Monday, September 16, 2013

Jolly Good London


I've always thought of myself as quite a Britophile, someone smitten with all things Britian. I love (most) British literature, the idea of cool rainy days, lush landscapes, history stretching back more than the American timeline, amazing architecture, BBC mysteries, BBC costume dramas, BBC's Top Gear...

After many years of loving British culture from afar, Chad and I finally got to go to London. Chad went to London ahead of me for a week of work. That week was hot and sunny, reaching 85 degrees Fahrenheit most days. Chad told me not to bring a jacket or coat. Luckily, I checked the weather forecast, and packed somewhat appropriately for our week of vacation together in London. That week was suddenly fall with drippy, sometimes driving, rains and temperatures that hovered around 57 degrees Fahrenheit each day.

At first, I loved the cool, damp weather, but soon tired of always feeling damp and chilled. I gave up  fighting the frizz that was my hair after trying some of Chad's hair shellac, and finding that not even that paste could calm my wiry mess. I know this sounds shallow, but it's hard to enjoy yourself when every time you catch sight of your reflection you think, "Ick. What is happening with my hair?"

Upon my sleep-deprived, jet-lagged arrival to Heathrow airport, I caught the Heathrow Express, a very fast train, to Paddington Station where I caught a cab to our hotel. Planes, trains and automobiles? Yes. Paddington Station was charming in a well-maintained historical-looking way. My cab driver was everything I could have hoped for: a nice, chatty man who pointed out every neighborhood, landmark, building and bridge of interest. He seemed really pleasantly surprised when I tipped him 15%, saying, "Ya shore?" (Translation: Are you sure?) Frommer's London guidebook advised tipping cab drivers 10 - 15%, and I would have tipped 20% in America for a much less enjoyable & informative trip.

Heathrow Airport


Paddington Station


London Cab
Finally at the London hotel 18 hours after leaving home in Austin, I was so happy to claim a room key, looking forward to a shower and a quick nap. Chad was still at work, but kindly left a welcome note and little bouquet of pink roses in the hotel room for me. We stayed at a "serviced apartment" in south London in a cute neighborhood with little parks, a Sainsbury's Local mini-grocery store, coffee shop and pubs just down the street. Our serviced apartment was super-affordable (seriously!) compared to London hotels. It had a kitchenette, separate living area and a huge window that opened for fresh air. And we needed that window, because the room had a smell like rancid kimchee, or maybe ancient evil. The bathroom was clean, modern and cute, but this rotten smell that seemed to emanate from the drains and toilet permeated the whole apartment. The apartment also had motion-sensor activated lights. Every time you walked into an area, a stunning (not in a good way, in a literally stunning way) array of halogen bulbs lit up. Chad said it took him days to figure out how to operate the lights. You had to click the switch twice in rapid succession to turn each light off, or hold the switch down to dim each light. The lights in the bathroom would turn off mid-shower because the motion sensor was over the sink, not over the shower. All the cabinets and drawers lacked handles or knobs, and had to be "bounced" open at the corner. If you pressed too long, the cabinet or drawer stayed closed. But if you jabbed very quickly, the cabinet or drawer would pop open. It required much finessing and led to much frustration. The bed was a glorified futon: a thin mattress on slats very near to the floor. The bedding was a flat sheet tucked around the mattress and a duvet. Um. Yeah. I'm accustomed to a fitted sheet, a flat sheet and then a duvet. The pillows were overly firm, like a sack of concrete powder. Two pillows were too high, one pillow was too low -- there was no "just right" about the bedding or pillows. In summary of the apartment, not user-friendly, but SO CHEAP compared to central London hotels.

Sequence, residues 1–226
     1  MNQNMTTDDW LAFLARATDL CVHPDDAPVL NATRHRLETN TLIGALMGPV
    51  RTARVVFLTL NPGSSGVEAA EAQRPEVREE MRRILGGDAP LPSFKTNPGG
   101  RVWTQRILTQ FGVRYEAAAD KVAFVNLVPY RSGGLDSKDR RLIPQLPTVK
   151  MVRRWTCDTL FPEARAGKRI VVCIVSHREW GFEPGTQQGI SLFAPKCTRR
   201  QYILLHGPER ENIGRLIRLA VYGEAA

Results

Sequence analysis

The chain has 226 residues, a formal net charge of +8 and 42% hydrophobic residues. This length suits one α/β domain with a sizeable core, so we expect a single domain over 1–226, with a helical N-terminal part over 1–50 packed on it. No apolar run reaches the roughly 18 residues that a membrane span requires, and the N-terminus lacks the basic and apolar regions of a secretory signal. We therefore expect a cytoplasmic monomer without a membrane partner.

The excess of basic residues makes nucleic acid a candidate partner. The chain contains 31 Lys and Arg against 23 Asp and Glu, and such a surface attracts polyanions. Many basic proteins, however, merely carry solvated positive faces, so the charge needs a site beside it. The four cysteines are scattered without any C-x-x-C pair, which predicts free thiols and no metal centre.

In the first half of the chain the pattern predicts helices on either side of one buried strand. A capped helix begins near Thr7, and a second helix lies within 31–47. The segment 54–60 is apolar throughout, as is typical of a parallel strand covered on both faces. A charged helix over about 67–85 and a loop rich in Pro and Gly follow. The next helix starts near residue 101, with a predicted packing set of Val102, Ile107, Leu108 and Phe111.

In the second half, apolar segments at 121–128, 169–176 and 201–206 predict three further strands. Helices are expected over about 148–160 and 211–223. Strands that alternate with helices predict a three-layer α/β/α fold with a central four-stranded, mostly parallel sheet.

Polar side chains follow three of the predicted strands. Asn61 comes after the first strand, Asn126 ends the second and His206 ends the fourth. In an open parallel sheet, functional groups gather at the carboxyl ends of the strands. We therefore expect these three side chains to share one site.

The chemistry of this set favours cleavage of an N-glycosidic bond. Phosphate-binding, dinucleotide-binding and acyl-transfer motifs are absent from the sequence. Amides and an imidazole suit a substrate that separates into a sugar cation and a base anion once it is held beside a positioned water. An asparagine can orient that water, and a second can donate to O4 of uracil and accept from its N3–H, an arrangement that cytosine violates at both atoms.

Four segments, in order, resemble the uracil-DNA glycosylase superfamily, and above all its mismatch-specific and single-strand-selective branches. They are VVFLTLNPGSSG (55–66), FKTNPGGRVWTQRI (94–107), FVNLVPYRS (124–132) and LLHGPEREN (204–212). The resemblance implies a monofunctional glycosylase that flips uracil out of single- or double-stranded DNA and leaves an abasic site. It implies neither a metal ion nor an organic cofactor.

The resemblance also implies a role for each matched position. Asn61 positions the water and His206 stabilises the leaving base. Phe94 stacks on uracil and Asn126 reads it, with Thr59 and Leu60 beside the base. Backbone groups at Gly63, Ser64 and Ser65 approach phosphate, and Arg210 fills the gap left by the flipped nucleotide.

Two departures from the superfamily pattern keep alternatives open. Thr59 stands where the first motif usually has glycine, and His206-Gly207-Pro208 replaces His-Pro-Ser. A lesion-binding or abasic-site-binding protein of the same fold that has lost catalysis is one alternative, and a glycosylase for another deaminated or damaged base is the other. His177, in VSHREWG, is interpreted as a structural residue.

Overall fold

The view (?) from our apartment.


I was fairly exhausted by the time Chad arrived at our temporary digs after work. We walked down the street to a crowded pub, The Woolpack, and had a drink in "the garden" which is local-speak for back patio. We walked up the street to a Mediterranean restaurant, Del Aziz, for a delicious dinner of Greek vegetarian food. By this time, it was approaching proper London bedtime. Chad slept like a baby for nearly twelve hours, but I awoke at local time 3:00 AM for a snack and two hours of reading before I could go back to sleep. It sounds like a humblebrag* to fuss about jet-lag, but it is a seriously sleep-depriving situation.

Tune in for more exciting London travelogue tomorrow.

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*humblebrag as defined by urban dictionary: Subtly letting others know about how fantastic your life is while undercutting it with a bit of self-effacing humor or "woe is me" gloss.
Example: Ugh, just ate about fifteen pieces of chocolate. gotta learn to control myself when flying first class or they'll cancel my modeling contract. LOL #humblebrag

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